My first post here, please keep in mind that I hardly know anything about electrical engineering so please keep any replies in layman terms, thank you!

I bought this 30cm white LED strip.

It's set up to run from 12 volts. The thing is I would like to use it at 6 volts. I can see that there are soldered IC chips on it: an M7 chip and a 78L05 chip; from what I could find out the 78L05 chip is a voltage regulator.

What would be the simplest way to get this to run from 6V?

  • 1
    \$\begingroup\$ Hmm, perhaps post a picture of the circuit (pcb). (Both sides if there are copper traces or components on both sides.) \$\endgroup\$ Sep 18, 2014 at 12:47
  • \$\begingroup\$ Here's a image, the 78L05 is second chip from the left drive.google.com/file/d/0B7Zjegs8UFKRcEJaMFdjRnhmVzg/… \$\endgroup\$
    – John Doe
    Sep 18, 2014 at 12:56
  • \$\begingroup\$ It's not going to happen. The 78L05's dropout voltage is in no case low enought to run from 6V. \$\endgroup\$
    – Matt Young
    Sep 18, 2014 at 12:58
  • \$\begingroup\$ What would be the simplest way to have the the item run on 6v instead of 12v? \$\endgroup\$
    – John Doe
    Sep 18, 2014 at 13:02
  • \$\begingroup\$ OK, hard to tell what's going on. (What's the part number on the other IC?) If you have access to a bench power supply you could try running it from a lower voltage and see what happens. It may be that the LM7805 just sets the voltage for that other IC in the picture. As Matt points out above, it will take at least ~6.5V to turn on the lm7805 \$\endgroup\$ Sep 18, 2014 at 13:06

2 Answers 2


To save the hassle of trying to modify a device to take a different voltage, I would personally consider using a "step-up" or a boost DC-to-DC converter to simply provide the required voltage.

One like this boost converter from eBay would be able to take in 6 volts and supply 12 volts on its output.

Your eBay listing did not provide amperage/power requirements, but the ~10 watts this provides should be enough

  • \$\begingroup\$ The module from the link is boost converter, buck would not help here. \$\endgroup\$
    – venny
    Sep 18, 2014 at 13:36
  • \$\begingroup\$ @venny: Whoops, thankyou for correcting that \$\endgroup\$
    – Al Longley
    Sep 18, 2014 at 14:20
  • \$\begingroup\$ I was just on my way out to buy one of those, luckily I checked here first. Please keep the suggestions coming. :) \$\endgroup\$
    – John Doe
    Sep 18, 2014 at 15:45
  • \$\begingroup\$ would this work? ebay.com/itm/… \$\endgroup\$
    – John Doe
    Sep 18, 2014 at 15:51
  • \$\begingroup\$ Wait a minute... isn't a boost converter what I need here? The leds currently need 12v to run, I only want to feed them from a 6v source, adding a boost converter would let me do just that, correct? \$\endgroup\$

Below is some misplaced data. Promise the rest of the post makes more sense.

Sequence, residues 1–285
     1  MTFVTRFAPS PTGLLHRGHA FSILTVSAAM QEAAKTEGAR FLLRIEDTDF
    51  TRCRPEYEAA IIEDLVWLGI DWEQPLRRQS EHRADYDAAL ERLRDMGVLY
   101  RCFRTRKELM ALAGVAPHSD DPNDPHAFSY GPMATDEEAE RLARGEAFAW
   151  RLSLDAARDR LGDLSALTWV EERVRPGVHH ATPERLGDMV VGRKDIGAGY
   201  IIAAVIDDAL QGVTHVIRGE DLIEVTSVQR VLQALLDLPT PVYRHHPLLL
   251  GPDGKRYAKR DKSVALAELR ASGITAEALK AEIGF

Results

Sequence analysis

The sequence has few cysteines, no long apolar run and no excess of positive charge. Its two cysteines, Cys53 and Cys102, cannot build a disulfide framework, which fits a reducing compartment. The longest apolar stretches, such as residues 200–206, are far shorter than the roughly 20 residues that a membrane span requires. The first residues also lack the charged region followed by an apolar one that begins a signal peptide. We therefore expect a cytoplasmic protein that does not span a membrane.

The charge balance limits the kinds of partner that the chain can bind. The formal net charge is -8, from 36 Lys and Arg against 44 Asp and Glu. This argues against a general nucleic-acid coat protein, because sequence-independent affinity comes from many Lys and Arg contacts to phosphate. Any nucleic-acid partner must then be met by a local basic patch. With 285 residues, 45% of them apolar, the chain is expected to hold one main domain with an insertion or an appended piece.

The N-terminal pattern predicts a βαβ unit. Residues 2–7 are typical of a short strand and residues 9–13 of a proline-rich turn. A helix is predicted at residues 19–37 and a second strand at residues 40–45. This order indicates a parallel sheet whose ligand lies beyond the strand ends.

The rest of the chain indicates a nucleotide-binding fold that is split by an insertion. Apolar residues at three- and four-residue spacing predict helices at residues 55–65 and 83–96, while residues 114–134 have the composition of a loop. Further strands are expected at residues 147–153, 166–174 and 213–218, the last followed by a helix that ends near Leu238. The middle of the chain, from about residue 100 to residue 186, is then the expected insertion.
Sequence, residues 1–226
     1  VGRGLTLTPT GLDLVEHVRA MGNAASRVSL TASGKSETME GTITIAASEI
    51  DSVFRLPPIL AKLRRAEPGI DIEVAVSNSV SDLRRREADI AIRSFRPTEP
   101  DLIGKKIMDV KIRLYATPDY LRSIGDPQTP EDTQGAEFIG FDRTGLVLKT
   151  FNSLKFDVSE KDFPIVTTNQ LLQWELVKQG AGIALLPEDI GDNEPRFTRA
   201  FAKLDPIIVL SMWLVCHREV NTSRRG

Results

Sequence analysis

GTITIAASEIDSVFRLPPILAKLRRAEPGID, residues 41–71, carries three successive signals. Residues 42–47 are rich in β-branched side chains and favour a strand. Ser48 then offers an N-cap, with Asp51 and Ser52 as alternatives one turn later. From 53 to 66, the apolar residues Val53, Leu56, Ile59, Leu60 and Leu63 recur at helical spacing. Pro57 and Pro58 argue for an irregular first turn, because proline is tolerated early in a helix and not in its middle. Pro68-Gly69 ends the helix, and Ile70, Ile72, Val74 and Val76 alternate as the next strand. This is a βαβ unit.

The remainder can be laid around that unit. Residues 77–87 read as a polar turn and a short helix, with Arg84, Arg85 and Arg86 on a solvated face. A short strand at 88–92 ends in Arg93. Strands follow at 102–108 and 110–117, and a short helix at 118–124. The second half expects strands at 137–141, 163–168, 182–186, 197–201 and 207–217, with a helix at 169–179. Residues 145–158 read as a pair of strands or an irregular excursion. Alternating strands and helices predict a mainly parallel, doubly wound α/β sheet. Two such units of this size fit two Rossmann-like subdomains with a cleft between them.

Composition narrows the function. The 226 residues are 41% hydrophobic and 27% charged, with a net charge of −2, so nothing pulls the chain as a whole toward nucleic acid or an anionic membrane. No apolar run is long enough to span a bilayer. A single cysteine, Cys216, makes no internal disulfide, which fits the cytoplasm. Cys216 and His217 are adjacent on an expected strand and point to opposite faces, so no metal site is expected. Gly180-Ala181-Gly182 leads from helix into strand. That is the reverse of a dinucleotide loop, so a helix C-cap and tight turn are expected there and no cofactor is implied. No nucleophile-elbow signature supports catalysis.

– John Doe
    Sep 18, 2014 at 16:07

The M7 and 78L05 form a 5V power supply. If your 6V is well regulated you could try putting a diode from input to output of the 78L05, shunting it out of the circuit.

That will reduce the 6V input to a bit less than 5V. However if your 6V supply is 'dirty', badly regulated etc. (or if I miss-guessed the schematic) you could burn out the microcontroller and your gadget will be trash.

If you're prepared to take that risk, you can give it a try.

Edit: This is for 6VDC- the OP has revised to 6VAC so this is not useful answer, see comment below.

enter image description here

If you plug it into anything more than about 6.5V (including the 12V it was originally designed for) it could be destroyed- would definitely be destroyed at 12V.

  • \$\begingroup\$ I might give that a try, I have two backups if anything would go wrong. I bought a boost DC to DC converter and I got no reading at all from the out put on it. I think however I forgot to mention a crucial part, the 6v power source I'm tapping in to is AC, (a pinball machine) Yes, I know I'm a n00b! \$\endgroup\$
    – John Doe
    Sep 18, 2014 at 18:53
  • \$\begingroup\$ If you feed it 6VAC it will not work properly and will likely die! Instead of the diode try adding a 1000uF/16V (2200uF would be better) from pin 3 (+ lead) to pin 2 (- lead). Do not put the diode on there. \$\endgroup\$ Sep 18, 2014 at 18:56
  • \$\begingroup\$ Okay, I see, thank you! Now it's just a matter of finding somewhere to buy that cap. \$\endgroup\$
    – John Doe
    Sep 19, 2014 at 11:05
  • \$\begingroup\$ I installed a 2200uF today and it works just like you said, having said that it was pretty hard to solder the cap to the lm7805. Is there any other point where I could solder the cap too? \$\endgroup\$
    – John Doe
    Sep 30, 2014 at 17:11
  • \$\begingroup\$ There's nothing wrong with extending the capacitor leads with thin wire for an inch or two. \$\endgroup\$ Sep 30, 2014 at 17:43

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